Denis Lemelin
National President, CUPW
377 Bank St.
Ottawa ON  K2P 1Y3

June 13, 2013

Dear Mr. Lemelin,

Recently you challenged some of the assertions in my House of Commons speech on the subject of Canada Post. Allow me to respond with facts.

Your letter reads: “You also said that the union requires taxpayers to fund almost 500 corporate post offices. These statements are not true and display a remarkable ignorance of the actual situation.”

In fact, my comments were perfectly accurate and I have proof. Allow me to quote your collective agreement on page 425:

“The Corporation undertakes that as of January 31, 2011 the number of retail counters shall not be less than four hundred ninety-three (493).”

Retail counters, of course, operate out of corporate post offices. Ergo, the agreement requires almost 500 offices remain open, just as I stated in my House of Commons speech.

Next you write: “The fact is that the job security provisions of our collective agreement have never caused a problem for Canada Post.”

My speech did not take issue with job security. Rather, I spoke of the ridiculous provision in the collective agreement that says no employee can be required to move more than 40 kilometres from their existing work location. Once again, allow me to quote the collective agreement:

“53.03 In this article, “zone” means the area within a forty (40) kilometre radius of a postal installation or, as the case may be, the territory that constitutes a MAPP area.”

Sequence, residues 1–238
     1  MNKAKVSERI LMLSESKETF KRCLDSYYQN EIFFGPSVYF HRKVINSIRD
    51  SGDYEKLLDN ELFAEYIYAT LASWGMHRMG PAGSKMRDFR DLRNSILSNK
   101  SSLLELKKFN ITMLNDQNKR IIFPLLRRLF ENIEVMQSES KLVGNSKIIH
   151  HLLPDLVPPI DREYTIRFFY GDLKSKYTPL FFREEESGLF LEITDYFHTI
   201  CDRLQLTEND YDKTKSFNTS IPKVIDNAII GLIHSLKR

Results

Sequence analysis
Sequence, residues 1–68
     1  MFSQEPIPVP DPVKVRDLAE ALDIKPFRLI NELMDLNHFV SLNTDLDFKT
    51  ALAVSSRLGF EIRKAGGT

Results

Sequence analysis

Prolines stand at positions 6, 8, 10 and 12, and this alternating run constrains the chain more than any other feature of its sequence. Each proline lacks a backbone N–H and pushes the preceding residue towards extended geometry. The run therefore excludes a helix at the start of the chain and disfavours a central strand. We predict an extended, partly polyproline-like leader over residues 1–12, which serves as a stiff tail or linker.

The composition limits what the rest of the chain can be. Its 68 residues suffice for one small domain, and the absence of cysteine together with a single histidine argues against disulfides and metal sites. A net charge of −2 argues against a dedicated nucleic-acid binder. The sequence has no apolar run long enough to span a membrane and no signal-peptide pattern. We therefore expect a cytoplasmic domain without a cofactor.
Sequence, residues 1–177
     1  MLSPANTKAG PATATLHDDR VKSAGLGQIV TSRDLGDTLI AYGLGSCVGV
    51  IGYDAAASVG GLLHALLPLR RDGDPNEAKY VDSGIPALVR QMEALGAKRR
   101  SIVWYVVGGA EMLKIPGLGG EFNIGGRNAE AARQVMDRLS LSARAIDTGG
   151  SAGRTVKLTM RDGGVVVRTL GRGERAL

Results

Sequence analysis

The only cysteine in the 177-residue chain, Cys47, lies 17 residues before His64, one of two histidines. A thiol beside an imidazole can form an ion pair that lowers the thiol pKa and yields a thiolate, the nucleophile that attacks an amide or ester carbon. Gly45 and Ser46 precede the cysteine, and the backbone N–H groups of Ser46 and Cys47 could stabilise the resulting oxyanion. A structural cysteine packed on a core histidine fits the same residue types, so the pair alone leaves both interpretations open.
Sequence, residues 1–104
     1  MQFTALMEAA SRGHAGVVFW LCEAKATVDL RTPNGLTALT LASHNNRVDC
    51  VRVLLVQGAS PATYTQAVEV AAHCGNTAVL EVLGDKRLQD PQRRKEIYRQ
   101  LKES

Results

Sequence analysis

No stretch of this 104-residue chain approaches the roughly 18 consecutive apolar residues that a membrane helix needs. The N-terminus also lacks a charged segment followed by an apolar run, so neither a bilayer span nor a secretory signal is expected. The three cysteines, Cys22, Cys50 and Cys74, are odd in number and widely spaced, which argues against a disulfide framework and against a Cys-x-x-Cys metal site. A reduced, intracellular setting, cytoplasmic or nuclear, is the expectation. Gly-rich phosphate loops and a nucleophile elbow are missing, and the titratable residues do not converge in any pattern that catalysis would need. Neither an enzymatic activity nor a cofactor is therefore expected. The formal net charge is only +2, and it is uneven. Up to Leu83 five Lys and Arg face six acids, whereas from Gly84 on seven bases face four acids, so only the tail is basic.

Source: page 360

“53.22 No employee described in clause 53.01 shall be required to accept to be displaced to a postal installation beyond the zone of the installation where he or she was working.”

Source: page 369

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That means employees cannot be moved to the places they are needed unless they agree, and may remain where they are least effective.

As for the profitability of Canada Post, the long-term trajectory is very bad. Allow me to quote from a recent Canada Post press release on the subject:

“The sale of a mail processing plant in downtown Vancouver lifted the Canada Post Group of Companies to a profit before tax of $51 million for the first quarter ended March 30, 2013. If not for the $109 million gain from the sale, the Group of Companies would have had a loss before tax of $58 million for the first quarter. The Group of Companies reported a loss before tax of $73 million for the first quarter of 2012. The core Canada Post segment would have reported a loss before tax of $41 million for the first quarter if not for the sale of the Vancouver plant.”


These numbers are only expected to worsen. The losses, plus accumulated liabilities in benefit plans, mean billions of dollars in costs for taxpayers. Parliament did not approve these costs and taxpayers should not be responsible for them. That is why our government is putting Canada Post on an affordable, self-sustaining path, in part through changes to the labour cost structure.

Canada Post employees want the chance to work hard and succeed. They realize that their well-being is the result of their productivity. We only get out of a job what we put into it.

Now that the facts are clear, I encourage you to work with employees and management to get the job done for taxpayers.


Pierre Poilievre MP

cc. Conservative Members of Parliament